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Was Carly Fiorina real debate winner?

The lone female GOP candidate had been relegated to the early debate – but that may have worked to her advantage.

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    Republican presidential candidate Carly Fiorina participates a pre-debate forum at the Quicken Loans Arena Thursday in Cleveland. Seven of the candidates have not qualified for the primetime debate.
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The GOP presidential hopeful who benefited most from yesterday’s debates might be ex-Hewlett Packard CEO Carly Fiorina.

To this early point in the race Ms. Fiorina has had a tough run. She’s impressed audiences at town halls, dinners, and other small gatherings across the early voting states, but that hasn’t translated into actual support. According to the RealClearPolitics rolling average, right now she’s tied for 13th with Louisiana Gov. Bobby Jindal with a mere 1.3 percent of the Republican primary vote.

But that might have worked to her advantage. Relegated to the early debate, the undercard, by Fox News on Aug. 6, Fiorina shone. This might have been easy given that the other contenders seemed a bit dispirited, as if they were disappointed to be on the JV. Plus, the former business executive did not have to share a stage with uncontrollable force Donald Trump.

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“It was actually really good for Fiorina to be in the first debate,” tweeted Vox publisher Ezra Klein yesterday. “She won a debate tonight, as opposed to being lost in the bigger debate.”

That’s reflected in search engine metrics. Compare Fiorina’s name in Google Trends with the consensus top three in the GOP race, Jeb Bush, Scott Walker, and Marco Rubio, and over the last day Fiorina easily outpoints them all. There’s more search interest in her by about a two-to-one margin.

OK, Mr. Trump easily outpoints her. But is that really going to last?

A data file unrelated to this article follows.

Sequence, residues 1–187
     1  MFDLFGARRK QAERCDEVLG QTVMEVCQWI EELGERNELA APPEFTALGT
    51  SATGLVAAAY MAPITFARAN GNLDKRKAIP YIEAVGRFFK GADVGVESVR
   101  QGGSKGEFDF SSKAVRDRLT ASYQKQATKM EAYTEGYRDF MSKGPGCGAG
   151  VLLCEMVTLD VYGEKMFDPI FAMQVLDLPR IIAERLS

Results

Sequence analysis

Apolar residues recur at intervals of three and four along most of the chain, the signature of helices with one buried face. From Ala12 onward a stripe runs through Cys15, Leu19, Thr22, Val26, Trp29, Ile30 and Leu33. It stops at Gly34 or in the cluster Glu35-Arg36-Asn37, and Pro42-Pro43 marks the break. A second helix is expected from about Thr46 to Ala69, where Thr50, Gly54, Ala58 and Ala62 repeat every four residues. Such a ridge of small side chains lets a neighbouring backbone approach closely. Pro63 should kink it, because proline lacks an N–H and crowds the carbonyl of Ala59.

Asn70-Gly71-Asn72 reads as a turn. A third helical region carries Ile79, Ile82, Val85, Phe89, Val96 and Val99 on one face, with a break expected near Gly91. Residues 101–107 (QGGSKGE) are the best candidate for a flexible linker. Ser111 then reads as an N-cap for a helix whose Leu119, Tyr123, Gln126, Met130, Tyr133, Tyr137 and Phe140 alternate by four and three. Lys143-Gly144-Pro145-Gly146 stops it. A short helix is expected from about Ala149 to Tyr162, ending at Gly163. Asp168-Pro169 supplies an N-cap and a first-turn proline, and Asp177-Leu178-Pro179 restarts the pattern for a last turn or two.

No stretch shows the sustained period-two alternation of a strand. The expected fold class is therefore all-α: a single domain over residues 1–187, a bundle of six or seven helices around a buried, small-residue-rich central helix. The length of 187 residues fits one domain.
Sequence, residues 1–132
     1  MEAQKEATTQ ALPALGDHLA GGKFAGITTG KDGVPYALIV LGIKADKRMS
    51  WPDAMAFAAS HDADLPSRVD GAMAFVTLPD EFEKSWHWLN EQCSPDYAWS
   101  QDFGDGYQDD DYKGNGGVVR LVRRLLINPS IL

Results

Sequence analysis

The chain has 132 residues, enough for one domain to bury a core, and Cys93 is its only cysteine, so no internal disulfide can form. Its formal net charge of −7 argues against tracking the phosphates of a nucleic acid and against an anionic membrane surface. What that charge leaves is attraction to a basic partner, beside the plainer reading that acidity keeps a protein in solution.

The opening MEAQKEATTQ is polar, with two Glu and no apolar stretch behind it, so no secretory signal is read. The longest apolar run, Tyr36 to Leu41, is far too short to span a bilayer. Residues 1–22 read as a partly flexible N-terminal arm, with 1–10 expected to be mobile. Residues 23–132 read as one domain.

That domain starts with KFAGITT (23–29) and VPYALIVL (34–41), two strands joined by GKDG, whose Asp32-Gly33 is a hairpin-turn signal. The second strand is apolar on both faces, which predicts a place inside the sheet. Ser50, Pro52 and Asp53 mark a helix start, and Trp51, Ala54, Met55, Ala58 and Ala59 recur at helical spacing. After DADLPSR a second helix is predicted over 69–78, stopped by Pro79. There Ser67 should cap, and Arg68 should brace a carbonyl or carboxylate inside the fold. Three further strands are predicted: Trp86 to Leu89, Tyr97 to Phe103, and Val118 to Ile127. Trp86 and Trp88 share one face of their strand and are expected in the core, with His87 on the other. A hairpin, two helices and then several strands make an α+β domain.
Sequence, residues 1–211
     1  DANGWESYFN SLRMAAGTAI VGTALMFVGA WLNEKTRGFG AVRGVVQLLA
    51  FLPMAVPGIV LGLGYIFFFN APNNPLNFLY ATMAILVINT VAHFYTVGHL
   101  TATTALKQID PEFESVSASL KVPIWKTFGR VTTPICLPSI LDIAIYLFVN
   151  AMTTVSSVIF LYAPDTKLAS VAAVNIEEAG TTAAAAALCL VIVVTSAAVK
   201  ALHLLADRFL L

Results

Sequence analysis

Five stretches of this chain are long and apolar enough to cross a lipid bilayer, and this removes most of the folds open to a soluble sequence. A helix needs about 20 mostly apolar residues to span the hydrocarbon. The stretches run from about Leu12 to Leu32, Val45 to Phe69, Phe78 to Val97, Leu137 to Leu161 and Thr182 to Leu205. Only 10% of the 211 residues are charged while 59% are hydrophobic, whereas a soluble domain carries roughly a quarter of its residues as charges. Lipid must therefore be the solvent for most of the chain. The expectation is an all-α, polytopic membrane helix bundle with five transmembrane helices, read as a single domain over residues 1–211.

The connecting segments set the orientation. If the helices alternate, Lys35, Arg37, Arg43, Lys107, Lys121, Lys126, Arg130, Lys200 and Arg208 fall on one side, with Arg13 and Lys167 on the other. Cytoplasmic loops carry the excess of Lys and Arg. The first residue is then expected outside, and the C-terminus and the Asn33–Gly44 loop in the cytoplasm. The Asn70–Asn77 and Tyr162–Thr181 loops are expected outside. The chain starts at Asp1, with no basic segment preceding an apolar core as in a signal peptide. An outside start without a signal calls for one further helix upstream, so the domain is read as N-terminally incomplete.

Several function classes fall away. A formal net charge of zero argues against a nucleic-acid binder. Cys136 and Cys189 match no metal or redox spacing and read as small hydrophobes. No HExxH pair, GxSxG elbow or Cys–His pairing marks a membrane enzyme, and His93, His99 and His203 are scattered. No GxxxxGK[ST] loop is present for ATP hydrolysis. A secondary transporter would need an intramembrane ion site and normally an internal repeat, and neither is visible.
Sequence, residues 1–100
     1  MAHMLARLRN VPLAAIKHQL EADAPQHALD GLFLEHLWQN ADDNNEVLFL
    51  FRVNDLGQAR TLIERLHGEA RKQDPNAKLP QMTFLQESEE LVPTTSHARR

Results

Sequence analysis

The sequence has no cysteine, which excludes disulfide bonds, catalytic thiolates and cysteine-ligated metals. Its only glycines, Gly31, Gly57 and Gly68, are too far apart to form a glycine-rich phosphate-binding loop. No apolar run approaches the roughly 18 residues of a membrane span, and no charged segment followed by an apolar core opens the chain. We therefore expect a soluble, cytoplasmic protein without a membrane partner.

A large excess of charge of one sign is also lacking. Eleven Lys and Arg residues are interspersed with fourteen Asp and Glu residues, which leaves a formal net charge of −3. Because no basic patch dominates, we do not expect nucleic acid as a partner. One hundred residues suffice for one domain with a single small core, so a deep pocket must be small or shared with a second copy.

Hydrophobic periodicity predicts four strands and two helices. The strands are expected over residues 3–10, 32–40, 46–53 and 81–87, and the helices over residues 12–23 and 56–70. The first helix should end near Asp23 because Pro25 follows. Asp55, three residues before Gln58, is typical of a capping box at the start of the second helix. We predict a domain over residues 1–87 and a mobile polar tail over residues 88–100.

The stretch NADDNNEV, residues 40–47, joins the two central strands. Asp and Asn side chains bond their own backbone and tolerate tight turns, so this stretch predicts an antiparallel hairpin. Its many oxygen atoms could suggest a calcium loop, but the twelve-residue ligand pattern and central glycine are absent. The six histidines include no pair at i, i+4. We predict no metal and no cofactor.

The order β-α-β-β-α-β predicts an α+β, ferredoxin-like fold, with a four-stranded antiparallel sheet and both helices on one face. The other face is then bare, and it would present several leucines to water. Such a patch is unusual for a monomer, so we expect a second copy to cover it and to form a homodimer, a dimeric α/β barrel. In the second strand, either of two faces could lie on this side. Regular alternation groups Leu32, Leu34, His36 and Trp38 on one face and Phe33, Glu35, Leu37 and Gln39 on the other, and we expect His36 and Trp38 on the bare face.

In her early evening appearance yesterday Fiorina’s answers were sharp and articulate. They flowed out like words from a practiced debater who's prepared for the questions. Asked why she was lagging behind, she pointed out that at this point in their races Ronald Reagan, Jimmy Carter, Bill Clinton, and Barack Obama looked like losers, too.

Asked the inevitable Trump question, she launched a multiple warhead answer that hit both Trump and her main target, likely Democratic nominee Hillary Clinton.

“I didn’t get a phone call from Bill Clinton before I jumped in the race. Did any of you get a phone call from Bill Clinton?” said Fiorina, referring to reports that the former president had urged Trump to run.

“Maybe it’s because I hadn’t given money to the foundation or donated to his wife’s Senate campaign,” Fiorina continued.

But it was her sound-bite finale that most stirred the crowd. She’s framed her campaign around being the anti-Clinton. It’s not just that she’s the only woman in the GOP field, though that’s part of it. It’s that she’s the only hopeful tough enough to take it to the skilled Clinton infighters, in her telling.

“Hillary Clinton lies about Benghazi, she lies about e-mails. She is still defending Planned Parenthood, and she is still her party’s frontrunner,” Fiorina said. “2016 is going to be a fight between conservatism, and a Democrat party that is undermining the very character of this nation. We need a nominee who is going to throw every punch, not pull punches, and someone who cannot stumble before he even gets into the ring.”

Could Fiorina pick up the angry vote that powers Trump after his inevitable flame-out? That’s possible. She’s portraying herself as the fighter for which the GOP base yearns.

“In general, Republican votes like their candidates to focus on defeating Clinton – as opposed to, say, bickering with each other. Fiorina taps into that vein more effectively than anyone else,” writes Byron York, the sharp political columnist of the Washington Examiner, in a positive piece on Fiorina’s progress.

Whether she could actually win the Oval Office is another matter. Fiorina might be a classic boom candidate: Someone who rises quickly, inspires intense media scrutiny, and then loses support in the glare.

As David Harsanyi points out at The Federalist, she’s not particularly electable. Her previous policy positions haven’t been particularly conservative. As a CEO, she laid off 30,000 US workers – a fact that would make it into every other line of a Clinton speech in the general election. It’s an open question whether Fiorina was an effective business leader, in any case. She was forced out, and the company continues to struggle.

“I think Fiorina makes a pretty persuasive case that she did an admirable job at HP, but she has a lot of history to answer for. Probably too much,” writes Mr. Harsanyi.

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